James Anderson celebrates England milestone with bit of royal duck

JAMES ANDERSON had bowled 32,359 balls in his Test career prior to winning his 150th cap yesterday, and surely few were more undistinguished than the 32,360th which brought him his 576th wicket and England a breakthrough with the opening ball of the series in South Africa.

England's bowler James Anderson, right, celebrates with teammates after dismissing South Africa's Dean Elgar, far left, for a duck on day one of the first cricket test match between South Africa and England at Centurion Park, Pretoria. (AP Photo/Themba Hadebe)

It was the archetypal loosener from the Lancashire man, angled so far down the leg-side that batsman Dean Elgar should have had nothing to do with it as though it was the cricketing equivalent of a ne’er-do-well.

Instead, he flicked at it and edged behind to wicketkeeper Jos Buttler before trudging off muttering away to himself. Well he might have done, for there are few more maddening ways for a batsman to get out.

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All those net sessions beforehand, all that self-restraint over the Christmas period on the gastronomic front, and for what exactly? Not just a duck in this instance, or even a golden duck, but what is sometimes referred to as a platinum duck or a royal duck – terms for a batsman dismissed from the first ball of a match.

It was the first time that England had taken a wicket with the first ball of a Test since Yorkshireman Ryan Sidebottom – then a Nottinghamshire player – against West Indies at Chester-le-Street in 2007. Daren Ganga was the victim, caught at short-leg by Alastair Cook, a strike that set the tone for a seven-wicket win.

Whether Anderson’s immediate breakthrough will have a similar effect on this game remains to be seen. Sent into bat, South Africa scored 277-9 at SuperSport Park, a total that was better than England would have hoped for, particularly after they had reduced them to 111-5 shortly into the afternoon session.

But a sixth-wicket stand of 87 between Quinton de Kock and Dwaine Pretorius helped the hosts recover on a pitch expected to go up and down as the game progresses.

De Kock top-scored with 95, a typically attacking innings that changed the momentum, although both teams will feel they are well in the contest.

If it was Anderson, 37, who got the ball rolling on a glorious day, it was a man at the opposite end of the career spectrum who starred for the tourists.

Sam Curran, 21, returned a Test-best 4-57 from 19 overs, showcasing once more his golden arm credentials and ability to seemingly always contribute with bat and/or ball.

With England playing five seamers and with a couple of those, Stuart Broad and Jofra Archer, having been ill recently, Curran stepped up just when England needed him to – none more so than when he produced a fine delivery that moved away late to have the dangerous de Kock caught behind.

Among those who praised the young man’s efforts was Sidebottom, who wrote on Twitter: “He was a pleasure to coach @surreycricket has lots of skill and the variety for @englandcricket is crucial #lefty”.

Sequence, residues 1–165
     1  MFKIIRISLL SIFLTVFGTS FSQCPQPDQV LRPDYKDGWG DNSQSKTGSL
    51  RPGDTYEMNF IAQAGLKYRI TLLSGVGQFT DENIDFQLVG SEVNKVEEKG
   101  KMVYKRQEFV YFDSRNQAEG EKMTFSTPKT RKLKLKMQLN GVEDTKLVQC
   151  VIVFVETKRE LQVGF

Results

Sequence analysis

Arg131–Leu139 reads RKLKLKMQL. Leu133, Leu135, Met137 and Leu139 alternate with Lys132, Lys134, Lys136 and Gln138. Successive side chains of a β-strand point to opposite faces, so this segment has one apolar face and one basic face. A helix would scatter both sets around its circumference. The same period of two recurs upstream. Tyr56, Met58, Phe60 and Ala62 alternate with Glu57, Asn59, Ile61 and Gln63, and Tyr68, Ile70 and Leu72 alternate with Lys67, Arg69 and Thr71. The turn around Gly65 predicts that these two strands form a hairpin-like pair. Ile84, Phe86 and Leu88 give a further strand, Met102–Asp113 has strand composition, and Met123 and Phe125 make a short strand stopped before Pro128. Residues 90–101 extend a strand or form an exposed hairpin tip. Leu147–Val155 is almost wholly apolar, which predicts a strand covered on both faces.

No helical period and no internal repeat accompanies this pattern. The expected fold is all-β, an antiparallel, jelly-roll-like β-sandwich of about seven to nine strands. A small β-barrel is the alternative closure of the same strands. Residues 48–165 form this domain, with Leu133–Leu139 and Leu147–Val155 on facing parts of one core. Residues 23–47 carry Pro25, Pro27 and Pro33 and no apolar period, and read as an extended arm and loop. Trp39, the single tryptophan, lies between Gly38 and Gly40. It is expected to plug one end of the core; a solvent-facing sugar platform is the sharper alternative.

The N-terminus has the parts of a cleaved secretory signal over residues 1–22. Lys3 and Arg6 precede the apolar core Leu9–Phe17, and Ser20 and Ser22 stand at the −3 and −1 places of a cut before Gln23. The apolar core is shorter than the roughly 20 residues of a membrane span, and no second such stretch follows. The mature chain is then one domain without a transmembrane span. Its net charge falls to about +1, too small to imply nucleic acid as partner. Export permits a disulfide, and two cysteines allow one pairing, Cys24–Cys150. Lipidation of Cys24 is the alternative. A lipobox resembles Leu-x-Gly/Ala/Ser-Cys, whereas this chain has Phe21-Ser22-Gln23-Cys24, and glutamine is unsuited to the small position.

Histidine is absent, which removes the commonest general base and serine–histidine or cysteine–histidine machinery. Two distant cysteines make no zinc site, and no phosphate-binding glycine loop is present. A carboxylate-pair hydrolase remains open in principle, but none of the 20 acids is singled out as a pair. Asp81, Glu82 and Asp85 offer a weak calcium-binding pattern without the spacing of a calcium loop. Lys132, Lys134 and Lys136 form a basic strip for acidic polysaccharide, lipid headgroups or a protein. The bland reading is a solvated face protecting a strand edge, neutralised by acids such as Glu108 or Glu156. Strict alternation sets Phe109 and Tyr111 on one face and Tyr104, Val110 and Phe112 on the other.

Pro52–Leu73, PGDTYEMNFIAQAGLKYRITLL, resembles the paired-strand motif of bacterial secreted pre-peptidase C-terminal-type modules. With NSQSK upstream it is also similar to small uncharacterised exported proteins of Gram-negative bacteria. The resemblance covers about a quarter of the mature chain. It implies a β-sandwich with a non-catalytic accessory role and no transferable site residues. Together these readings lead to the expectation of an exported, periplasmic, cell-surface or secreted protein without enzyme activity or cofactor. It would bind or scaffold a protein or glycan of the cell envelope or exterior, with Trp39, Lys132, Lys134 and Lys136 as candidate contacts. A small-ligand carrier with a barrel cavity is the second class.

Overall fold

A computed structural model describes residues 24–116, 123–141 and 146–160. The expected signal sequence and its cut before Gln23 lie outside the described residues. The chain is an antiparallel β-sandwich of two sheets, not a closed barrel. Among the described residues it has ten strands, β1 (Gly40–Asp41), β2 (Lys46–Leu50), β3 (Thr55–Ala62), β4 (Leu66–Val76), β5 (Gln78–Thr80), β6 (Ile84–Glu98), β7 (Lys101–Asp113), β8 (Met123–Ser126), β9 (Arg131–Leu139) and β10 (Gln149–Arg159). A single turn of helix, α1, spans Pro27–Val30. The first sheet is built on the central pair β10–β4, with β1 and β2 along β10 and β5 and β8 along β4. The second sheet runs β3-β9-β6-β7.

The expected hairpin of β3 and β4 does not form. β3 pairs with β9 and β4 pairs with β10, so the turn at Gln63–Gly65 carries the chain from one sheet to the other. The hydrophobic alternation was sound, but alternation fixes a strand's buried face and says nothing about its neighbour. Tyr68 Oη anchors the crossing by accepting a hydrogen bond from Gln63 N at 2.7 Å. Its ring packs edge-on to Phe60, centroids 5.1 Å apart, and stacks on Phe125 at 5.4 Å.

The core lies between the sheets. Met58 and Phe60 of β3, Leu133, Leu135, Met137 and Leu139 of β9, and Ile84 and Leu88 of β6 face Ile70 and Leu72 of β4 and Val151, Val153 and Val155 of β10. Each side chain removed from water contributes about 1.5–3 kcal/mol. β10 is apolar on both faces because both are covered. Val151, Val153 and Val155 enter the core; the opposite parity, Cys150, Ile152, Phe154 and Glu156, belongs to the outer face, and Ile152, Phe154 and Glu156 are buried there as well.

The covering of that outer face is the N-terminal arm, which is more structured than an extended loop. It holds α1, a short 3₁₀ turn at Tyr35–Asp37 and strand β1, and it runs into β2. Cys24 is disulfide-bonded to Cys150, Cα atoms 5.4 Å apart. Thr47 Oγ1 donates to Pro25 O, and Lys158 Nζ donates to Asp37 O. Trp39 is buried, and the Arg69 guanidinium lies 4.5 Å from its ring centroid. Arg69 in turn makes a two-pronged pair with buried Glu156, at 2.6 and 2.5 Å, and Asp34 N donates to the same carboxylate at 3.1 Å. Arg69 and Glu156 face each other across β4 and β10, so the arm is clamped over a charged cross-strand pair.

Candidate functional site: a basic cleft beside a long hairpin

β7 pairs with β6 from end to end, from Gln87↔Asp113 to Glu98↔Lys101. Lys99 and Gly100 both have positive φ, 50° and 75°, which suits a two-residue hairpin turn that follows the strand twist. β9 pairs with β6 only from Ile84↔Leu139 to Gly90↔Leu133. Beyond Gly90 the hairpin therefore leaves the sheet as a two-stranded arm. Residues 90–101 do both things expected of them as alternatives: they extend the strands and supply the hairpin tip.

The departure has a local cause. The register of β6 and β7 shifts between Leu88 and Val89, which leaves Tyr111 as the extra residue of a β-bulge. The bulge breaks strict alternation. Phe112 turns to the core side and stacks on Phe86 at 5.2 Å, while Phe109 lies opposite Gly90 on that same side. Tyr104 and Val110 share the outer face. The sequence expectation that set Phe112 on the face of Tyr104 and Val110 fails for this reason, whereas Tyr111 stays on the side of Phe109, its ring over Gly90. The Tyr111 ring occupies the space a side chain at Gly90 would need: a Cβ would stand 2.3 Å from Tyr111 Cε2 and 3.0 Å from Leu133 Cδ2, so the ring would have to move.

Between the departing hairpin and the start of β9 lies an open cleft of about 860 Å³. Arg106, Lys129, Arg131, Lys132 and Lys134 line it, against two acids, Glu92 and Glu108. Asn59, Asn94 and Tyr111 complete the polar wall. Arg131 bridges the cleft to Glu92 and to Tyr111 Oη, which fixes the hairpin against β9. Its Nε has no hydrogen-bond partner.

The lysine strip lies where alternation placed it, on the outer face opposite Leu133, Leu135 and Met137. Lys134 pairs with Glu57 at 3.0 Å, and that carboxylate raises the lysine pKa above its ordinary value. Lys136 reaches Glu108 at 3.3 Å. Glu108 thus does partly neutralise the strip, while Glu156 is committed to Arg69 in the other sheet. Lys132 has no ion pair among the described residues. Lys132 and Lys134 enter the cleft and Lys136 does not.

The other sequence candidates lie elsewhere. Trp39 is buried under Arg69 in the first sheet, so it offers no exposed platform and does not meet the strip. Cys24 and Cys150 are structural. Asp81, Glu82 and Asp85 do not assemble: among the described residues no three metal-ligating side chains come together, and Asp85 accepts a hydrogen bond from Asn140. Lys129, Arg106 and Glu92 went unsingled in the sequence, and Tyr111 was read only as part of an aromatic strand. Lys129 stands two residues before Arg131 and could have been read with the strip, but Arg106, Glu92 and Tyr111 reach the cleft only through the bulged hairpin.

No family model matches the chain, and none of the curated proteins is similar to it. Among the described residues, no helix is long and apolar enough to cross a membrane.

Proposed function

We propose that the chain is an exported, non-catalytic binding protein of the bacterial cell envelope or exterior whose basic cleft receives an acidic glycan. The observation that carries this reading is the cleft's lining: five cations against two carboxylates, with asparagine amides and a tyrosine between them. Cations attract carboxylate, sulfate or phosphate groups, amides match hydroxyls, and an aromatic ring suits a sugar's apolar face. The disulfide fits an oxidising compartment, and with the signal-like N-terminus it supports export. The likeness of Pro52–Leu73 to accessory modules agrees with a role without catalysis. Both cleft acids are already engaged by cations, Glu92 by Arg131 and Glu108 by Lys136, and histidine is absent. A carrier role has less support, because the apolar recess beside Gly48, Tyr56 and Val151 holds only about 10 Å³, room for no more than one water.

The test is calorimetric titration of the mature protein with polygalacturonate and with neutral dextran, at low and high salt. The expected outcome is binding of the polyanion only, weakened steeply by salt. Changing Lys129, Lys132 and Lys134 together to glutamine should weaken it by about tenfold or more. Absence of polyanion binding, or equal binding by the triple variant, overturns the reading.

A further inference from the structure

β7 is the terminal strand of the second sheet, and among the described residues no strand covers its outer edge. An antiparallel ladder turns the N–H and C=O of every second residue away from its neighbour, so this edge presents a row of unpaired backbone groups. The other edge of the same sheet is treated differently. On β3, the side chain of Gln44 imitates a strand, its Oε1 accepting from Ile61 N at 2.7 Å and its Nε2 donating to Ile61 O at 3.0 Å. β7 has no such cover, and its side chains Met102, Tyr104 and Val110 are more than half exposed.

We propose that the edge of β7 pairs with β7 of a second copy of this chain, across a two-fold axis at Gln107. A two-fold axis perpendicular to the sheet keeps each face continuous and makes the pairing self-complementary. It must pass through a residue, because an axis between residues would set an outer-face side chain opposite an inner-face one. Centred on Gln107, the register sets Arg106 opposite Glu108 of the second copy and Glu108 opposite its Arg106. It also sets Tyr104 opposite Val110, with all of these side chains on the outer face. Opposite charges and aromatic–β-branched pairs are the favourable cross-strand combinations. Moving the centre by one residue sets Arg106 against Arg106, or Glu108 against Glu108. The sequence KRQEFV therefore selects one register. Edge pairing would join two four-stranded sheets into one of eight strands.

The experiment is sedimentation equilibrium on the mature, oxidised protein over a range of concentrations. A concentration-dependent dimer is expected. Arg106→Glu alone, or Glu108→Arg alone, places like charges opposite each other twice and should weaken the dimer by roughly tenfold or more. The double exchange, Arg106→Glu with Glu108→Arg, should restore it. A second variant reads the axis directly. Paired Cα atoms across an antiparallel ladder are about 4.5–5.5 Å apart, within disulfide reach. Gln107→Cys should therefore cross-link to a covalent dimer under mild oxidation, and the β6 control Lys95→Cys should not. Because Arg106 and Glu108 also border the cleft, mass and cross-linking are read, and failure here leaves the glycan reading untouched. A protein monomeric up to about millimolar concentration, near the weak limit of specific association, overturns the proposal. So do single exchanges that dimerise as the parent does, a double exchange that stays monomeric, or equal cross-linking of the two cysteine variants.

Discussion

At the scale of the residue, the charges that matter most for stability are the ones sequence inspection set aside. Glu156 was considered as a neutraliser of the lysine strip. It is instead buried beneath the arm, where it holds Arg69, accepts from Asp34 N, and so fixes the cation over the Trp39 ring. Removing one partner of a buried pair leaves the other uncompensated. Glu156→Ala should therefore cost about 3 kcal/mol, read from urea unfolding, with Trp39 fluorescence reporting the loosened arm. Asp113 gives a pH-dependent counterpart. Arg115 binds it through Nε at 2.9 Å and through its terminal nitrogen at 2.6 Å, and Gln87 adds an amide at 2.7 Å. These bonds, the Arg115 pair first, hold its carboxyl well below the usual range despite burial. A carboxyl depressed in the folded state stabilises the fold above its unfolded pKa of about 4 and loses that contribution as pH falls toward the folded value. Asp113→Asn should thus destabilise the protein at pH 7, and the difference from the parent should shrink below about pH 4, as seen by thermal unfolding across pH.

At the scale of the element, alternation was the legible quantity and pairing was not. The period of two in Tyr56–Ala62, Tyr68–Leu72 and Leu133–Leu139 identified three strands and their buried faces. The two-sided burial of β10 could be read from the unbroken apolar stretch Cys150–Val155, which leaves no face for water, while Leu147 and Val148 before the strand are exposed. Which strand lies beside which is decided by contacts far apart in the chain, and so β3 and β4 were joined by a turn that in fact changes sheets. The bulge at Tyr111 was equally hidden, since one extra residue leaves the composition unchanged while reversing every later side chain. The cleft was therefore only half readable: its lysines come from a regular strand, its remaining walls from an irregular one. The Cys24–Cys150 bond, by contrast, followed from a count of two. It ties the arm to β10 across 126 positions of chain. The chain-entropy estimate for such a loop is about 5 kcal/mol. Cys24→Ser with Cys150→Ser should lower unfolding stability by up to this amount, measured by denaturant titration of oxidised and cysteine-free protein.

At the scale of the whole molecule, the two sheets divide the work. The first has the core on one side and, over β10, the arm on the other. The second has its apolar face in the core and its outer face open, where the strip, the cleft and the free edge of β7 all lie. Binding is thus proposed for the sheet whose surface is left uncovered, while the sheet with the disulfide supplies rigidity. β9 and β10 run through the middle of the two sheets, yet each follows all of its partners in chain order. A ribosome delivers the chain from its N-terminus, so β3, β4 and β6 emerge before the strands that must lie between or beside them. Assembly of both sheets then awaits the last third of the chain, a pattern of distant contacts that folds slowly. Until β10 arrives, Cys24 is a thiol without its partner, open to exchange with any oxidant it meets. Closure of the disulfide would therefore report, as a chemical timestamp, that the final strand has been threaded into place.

On a day when England wore black armbands in memory of former captain Bob Willis, Root’s men made a steady start to a series that immediately lived up to its billing as being tough to call. They will have to bat well in their own first innings, with Yorkshire’s Jonny Bairstow back in the side in place of the ill Ollie Pope and the overlooked Zak Crawley, with the series likely to come down to which batting unit copes best with the other’s pace attack.

There was nothing to suggest that South Africa hold too many aces on the batting front.

De Kock played well, but Aiden Markram chipped loosely to mid-wicket and the rest of the top-order gave slip catching practice, with England’s fielders not found wanting in that regard.

Root held three chances, including debutants Rassie van der Dussen and Pretorius off Curran, plus opposite number Faf du Plessis off the persevering Broad. Archer was not at his best in terms of pace/accuracy, although perhaps his recent illness had something to do with that.

There are times when Archer’s body language seems curiously downbeat, a bit like that of a man who has been simultaneously dumped by his partner, lost a winning lottery ticket and been told by his newsagent: “I’m really sorry, sir, but I’m afraid we’ve just sold our last copy of The Yorkshire Post.”

When de Kock and Pretorius were in the throes of their sixth-wicket partnership, England’s body language collectively betrayed concern.

This was manifest when Curran rapped Pretorius on the pad and Root sent the matter upstairs, television confirming the initial impression to the naked eye that, apart from the fact that the ball pitched outside leg stump and was drifting further down the leg-side, it was absolutely plumb.

England stuck to their task on a fluctuating day, though, one that left us none the wiser as to how the series may pan out.

That is the beauty of Test cricket, with its endless twists and turns and ability to surprise.